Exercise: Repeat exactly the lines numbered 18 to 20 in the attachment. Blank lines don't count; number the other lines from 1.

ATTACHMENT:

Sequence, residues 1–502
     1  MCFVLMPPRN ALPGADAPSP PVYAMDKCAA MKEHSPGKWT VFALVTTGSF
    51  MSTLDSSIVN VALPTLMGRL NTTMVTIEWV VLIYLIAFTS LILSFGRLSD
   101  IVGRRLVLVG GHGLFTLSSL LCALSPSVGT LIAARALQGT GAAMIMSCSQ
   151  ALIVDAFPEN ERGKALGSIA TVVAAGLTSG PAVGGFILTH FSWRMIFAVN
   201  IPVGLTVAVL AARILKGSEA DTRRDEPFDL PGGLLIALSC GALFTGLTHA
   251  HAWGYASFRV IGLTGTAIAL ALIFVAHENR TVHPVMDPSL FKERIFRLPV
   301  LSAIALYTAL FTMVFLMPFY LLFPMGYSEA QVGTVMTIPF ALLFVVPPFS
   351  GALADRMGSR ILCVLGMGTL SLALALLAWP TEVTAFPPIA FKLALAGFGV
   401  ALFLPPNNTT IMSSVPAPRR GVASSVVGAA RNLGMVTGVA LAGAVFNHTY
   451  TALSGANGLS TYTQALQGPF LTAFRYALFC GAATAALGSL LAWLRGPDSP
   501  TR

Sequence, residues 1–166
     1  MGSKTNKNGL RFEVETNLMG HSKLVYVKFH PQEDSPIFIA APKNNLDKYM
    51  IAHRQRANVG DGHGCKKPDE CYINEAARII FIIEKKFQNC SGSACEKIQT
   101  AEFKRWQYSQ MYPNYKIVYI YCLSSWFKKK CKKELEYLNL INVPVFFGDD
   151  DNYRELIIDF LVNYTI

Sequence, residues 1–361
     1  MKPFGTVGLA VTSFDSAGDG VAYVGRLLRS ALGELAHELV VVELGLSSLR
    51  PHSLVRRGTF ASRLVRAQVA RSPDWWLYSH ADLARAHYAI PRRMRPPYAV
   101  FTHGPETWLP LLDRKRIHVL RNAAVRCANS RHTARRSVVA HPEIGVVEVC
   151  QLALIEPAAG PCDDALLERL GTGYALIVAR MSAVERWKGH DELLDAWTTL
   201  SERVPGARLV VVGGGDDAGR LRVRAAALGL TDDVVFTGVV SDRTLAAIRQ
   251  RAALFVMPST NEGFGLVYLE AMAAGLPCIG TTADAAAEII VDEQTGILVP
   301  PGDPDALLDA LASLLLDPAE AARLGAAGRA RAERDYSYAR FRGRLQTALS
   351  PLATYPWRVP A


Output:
Sequence, residues 1–361
     1  MKPFGTVGLA VTSFDSAGDG VAYVGRLLRS ALGELAHELV VVELGLSSLR
    51  PHSLVRRGTF ASRLVRAQVA RSPDWWLYSH ADLARAHYAI PRRMRPPYAV